My first impression after seeing Civil War was that the freedom fighters were a stand-in for the red state MAGA crowd, and the timid white-haired president was supposed to be Joe Biden as the leader of an overbearing federal government. It also appeared to mirror the prevailing contemporary trope of a cultural conflict between rural, conservative fly-over America and the Coastal (or Beltway in the film’s case) elites. A scene where a female suicide bomber carries an American flag, and another with a battle between federal troops and irregulars in Hawaiian shirts (much like the real-life extremist group the Boogaloo Bois, who are incorrectly pegged as “far-right” by mainstream sources) contributed to my initial conclusions.

However, after listening to the review by members of the podcast who had alerted me to the film, I realized there were many things I had missed when watching it. This included scenes where the president uses superlative words and phrases similar to those of Donald Trump, the fact that some of the factions had names like “the New  People’s Army” or the “Maoist militia,” and a black female Navy SEAL taking part in the final assault on D.C. Most blatant of all though, was a scene which showed soldiers dumping bodies into a mass grave while asking the reporters, “What kind of American” they were, before coldly executing two reporters from Hong Kong.

As a consequence, I was left with the question: is Civil War Hollywood’s take on the “bloodbath” that people like Nancy Pelosi, Rachel Maddow or Maxine Waters are warning will happen if Trump becomes president again? Or is it their commentary on what a MAGA uprising will look like if Trump loses the upcoming election and refuses to concede the results?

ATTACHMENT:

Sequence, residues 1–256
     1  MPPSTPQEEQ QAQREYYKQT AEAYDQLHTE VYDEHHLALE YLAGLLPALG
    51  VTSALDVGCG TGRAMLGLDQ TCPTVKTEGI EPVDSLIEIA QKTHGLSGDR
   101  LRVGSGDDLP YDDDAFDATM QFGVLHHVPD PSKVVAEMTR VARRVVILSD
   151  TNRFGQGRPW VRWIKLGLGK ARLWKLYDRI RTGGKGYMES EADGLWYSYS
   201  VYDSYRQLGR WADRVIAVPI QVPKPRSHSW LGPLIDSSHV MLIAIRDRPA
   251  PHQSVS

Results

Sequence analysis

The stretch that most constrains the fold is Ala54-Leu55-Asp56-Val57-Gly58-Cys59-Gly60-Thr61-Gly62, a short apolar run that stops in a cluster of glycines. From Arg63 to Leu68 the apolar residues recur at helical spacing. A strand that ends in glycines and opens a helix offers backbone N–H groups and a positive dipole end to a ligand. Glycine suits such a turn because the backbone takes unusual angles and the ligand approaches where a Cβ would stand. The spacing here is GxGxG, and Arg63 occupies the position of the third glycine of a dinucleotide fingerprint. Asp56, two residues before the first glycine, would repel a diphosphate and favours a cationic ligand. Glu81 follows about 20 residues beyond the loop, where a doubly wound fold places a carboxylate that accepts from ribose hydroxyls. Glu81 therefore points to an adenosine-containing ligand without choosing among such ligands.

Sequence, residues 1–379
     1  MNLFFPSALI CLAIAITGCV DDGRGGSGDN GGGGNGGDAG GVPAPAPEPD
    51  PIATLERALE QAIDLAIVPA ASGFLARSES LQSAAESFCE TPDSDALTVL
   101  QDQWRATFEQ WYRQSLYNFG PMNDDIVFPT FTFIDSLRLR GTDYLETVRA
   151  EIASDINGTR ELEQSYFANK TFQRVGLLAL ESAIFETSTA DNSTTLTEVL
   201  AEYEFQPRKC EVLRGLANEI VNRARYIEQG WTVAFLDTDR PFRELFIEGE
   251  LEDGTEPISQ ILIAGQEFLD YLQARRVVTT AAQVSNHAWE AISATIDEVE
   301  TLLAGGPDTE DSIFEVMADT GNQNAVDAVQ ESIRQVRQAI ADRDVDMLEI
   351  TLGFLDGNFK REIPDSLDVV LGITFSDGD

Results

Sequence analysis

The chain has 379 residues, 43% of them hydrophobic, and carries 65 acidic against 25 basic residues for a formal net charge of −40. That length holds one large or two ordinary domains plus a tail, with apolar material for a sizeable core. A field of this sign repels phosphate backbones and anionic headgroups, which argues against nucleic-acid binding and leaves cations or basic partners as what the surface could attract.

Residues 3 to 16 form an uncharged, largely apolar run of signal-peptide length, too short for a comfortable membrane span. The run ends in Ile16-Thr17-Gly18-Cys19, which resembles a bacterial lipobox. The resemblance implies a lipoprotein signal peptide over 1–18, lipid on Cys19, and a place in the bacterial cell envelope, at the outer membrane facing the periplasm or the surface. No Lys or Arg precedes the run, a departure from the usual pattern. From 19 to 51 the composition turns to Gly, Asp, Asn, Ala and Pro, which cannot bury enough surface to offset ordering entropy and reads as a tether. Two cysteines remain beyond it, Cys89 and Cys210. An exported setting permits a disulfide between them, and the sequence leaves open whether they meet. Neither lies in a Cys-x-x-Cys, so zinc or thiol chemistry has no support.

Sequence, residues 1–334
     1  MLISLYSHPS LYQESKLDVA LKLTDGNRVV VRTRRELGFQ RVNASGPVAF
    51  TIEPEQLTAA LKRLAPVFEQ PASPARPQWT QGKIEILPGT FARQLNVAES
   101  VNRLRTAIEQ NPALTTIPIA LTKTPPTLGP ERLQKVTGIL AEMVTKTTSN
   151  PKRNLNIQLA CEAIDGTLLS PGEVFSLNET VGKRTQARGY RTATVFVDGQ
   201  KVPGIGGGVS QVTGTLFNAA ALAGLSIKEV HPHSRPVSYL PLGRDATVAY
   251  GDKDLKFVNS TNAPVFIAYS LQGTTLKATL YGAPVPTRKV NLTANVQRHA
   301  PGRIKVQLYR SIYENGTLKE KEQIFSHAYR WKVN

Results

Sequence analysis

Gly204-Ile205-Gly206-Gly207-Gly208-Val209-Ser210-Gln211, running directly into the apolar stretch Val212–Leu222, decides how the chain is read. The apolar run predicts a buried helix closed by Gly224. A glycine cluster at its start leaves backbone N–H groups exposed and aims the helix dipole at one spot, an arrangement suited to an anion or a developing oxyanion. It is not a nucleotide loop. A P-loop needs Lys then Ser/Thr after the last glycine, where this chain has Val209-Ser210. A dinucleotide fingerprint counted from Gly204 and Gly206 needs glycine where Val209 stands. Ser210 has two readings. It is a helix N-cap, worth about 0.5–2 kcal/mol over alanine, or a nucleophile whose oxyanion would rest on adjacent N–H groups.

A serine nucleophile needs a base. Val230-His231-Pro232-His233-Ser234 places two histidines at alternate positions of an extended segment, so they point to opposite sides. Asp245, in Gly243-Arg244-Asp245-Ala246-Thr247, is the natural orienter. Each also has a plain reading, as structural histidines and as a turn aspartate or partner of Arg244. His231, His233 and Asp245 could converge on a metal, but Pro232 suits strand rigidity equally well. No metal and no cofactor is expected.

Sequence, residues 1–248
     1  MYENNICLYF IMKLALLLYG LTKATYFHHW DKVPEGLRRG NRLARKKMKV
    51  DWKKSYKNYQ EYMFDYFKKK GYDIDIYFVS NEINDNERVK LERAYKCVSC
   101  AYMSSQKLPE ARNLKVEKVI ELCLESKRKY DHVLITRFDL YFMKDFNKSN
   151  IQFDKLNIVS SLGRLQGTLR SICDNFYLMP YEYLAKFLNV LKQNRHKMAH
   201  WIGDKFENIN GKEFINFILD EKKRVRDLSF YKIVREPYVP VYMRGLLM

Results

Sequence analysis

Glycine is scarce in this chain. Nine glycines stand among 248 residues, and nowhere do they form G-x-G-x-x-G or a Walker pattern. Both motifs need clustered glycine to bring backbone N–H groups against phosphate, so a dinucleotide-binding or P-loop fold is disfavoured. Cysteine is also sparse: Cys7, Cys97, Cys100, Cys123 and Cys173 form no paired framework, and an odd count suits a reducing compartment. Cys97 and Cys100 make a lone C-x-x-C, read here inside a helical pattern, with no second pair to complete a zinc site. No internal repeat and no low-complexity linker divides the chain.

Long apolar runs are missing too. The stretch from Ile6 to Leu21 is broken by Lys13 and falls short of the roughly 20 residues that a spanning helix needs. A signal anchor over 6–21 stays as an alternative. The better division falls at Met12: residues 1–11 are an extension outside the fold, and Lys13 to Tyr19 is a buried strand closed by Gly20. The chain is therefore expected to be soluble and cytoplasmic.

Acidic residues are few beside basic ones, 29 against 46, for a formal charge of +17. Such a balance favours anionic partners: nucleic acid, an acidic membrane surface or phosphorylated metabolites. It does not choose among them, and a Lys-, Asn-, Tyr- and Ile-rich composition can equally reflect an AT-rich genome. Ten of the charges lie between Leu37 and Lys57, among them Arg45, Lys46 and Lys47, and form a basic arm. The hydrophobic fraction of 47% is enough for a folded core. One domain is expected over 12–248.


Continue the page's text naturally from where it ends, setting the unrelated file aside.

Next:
The Backstory is Not the Story

The answer is neither. There is not enough information given in the storyline for one to be able to craft a complete backstory or overall narrative about what caused the civil war that is shown in the film. One critic at the New Yorker has even complained about this lack of a backstory by noting that we are shown a “visually recognizable world but downplays real-world politics, leaving out the particular ideologies that make this catastrophic conflict seem a part of our time.” In other words, the biggest complaint of this film which is wonderfully acted, well-shot and definitely has moving story, is that it doesn’t offer the audience any connection to (let alone any insight into) our current zeitgeist.